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In the producer’s office, part 2: Kevin McCollum on film adaptations, Broadway vs. London and more

The producer behind this season’s “Days of Wine and Roses” and “The Notebook,” as well as such juggernauts as “Rent” and “SIX,” gives his perspective on the industry’s inner workings.

Kevin McCollum (Credit: Nathan Johnson)

Kevin McCollum has three decades of experience creating Broadway shows. With every one of them, he is trying to surprise audiences. But over the past few years, the industry has been the one surprised — a pandemic that shut down Broadway for 18 months, a demanded cultural shift towards diversity, equity and inclusion, sky-high price tags and a sea change among who attends theater. 

In the first part of a two-part conversation with McCollum, the producer discussed mounting two new Broadway musicals in the same season, the competition involved and his specific approach to advertising each.

For this second half, McCollum widens his lens and talks about the possibilities for Broadway and new work in general.

This interview has been edited and condensed.

Your repertoire of shows runs the gamut. As you said in the first part of this conversation, you like to produce what you have not seen or heard before. Is that a challenge in the Broadway space?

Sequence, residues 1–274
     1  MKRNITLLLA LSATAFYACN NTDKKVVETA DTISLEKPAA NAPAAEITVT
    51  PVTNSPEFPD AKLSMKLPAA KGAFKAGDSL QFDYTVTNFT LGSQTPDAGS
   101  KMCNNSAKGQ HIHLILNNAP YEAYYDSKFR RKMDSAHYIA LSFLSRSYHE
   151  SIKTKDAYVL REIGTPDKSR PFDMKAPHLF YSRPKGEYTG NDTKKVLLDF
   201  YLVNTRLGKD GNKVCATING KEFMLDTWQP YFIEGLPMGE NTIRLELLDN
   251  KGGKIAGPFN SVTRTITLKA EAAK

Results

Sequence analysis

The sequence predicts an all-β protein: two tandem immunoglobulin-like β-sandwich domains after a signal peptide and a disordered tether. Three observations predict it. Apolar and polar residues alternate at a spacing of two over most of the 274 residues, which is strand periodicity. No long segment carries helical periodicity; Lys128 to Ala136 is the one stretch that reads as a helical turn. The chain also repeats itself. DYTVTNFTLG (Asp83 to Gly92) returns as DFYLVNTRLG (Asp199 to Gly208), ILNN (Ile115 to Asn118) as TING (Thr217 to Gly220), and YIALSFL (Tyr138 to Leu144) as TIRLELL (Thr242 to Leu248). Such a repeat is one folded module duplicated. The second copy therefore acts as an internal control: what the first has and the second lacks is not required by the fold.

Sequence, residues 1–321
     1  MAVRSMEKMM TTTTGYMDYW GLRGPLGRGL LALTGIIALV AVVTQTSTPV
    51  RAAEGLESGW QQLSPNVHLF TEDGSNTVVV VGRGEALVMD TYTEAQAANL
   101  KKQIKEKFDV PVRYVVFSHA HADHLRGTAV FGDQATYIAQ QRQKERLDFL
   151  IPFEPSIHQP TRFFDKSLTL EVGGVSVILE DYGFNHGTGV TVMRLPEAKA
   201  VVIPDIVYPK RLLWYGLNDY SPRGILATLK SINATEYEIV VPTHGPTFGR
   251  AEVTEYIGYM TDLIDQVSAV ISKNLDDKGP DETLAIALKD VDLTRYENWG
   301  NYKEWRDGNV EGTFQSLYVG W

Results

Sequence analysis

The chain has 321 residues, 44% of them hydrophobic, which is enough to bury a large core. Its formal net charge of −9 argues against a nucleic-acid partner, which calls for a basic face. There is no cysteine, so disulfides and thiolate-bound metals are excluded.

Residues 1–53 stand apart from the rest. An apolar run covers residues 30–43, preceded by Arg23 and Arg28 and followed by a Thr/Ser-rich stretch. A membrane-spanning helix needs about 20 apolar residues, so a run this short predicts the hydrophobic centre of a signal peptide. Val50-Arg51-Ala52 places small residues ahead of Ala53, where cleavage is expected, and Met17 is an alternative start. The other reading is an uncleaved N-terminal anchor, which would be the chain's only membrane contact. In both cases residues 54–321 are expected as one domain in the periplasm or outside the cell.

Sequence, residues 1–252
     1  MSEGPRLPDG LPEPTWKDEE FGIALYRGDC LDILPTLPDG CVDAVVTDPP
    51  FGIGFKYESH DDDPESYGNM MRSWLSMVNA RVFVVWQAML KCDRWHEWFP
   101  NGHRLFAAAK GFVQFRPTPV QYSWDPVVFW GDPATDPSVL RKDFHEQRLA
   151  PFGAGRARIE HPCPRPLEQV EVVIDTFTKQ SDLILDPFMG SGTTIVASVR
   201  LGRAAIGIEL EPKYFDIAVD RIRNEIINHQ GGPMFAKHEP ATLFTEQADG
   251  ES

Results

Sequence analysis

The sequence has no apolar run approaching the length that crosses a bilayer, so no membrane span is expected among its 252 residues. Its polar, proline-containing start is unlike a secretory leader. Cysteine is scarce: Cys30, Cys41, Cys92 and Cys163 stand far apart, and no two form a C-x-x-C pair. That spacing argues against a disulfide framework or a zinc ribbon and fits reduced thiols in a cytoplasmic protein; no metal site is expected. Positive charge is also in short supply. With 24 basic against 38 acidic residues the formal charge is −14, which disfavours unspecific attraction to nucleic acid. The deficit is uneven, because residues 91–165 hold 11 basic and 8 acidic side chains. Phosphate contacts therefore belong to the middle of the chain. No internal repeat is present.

I remember when I decided we were going to bring “Rent” to Broadway. I heard, “It’s Broadway, you can’t do that.” And they felt the same way about “Drowsy Chaperone.” They felt the same way about “Avenue Q” — I don’t know who “they” is, but just the conventional wisdom. When I did “In the Heights” [they said,] “There hasn’t been a Hispanic musical that’s worked.” Until it does. So “Days of Wine and Roses” is about something you’ve never seen before. Is it a play with music? Is it an opera? Is it a musical? The answer is yes, yes, yes.

I remember when I did “Rent” when [the ad] just said “Rent” and some people got angry. “You didn’t say it’s a musical.” I said, “Is it?” [Jonathan Larson] thought it was an opera. A lot of people who just saw it thought it was a concert. So what is it exactly? I’m not going to tell a person what it is. You have enough. You’re there. Why am I spoon-feeding you?

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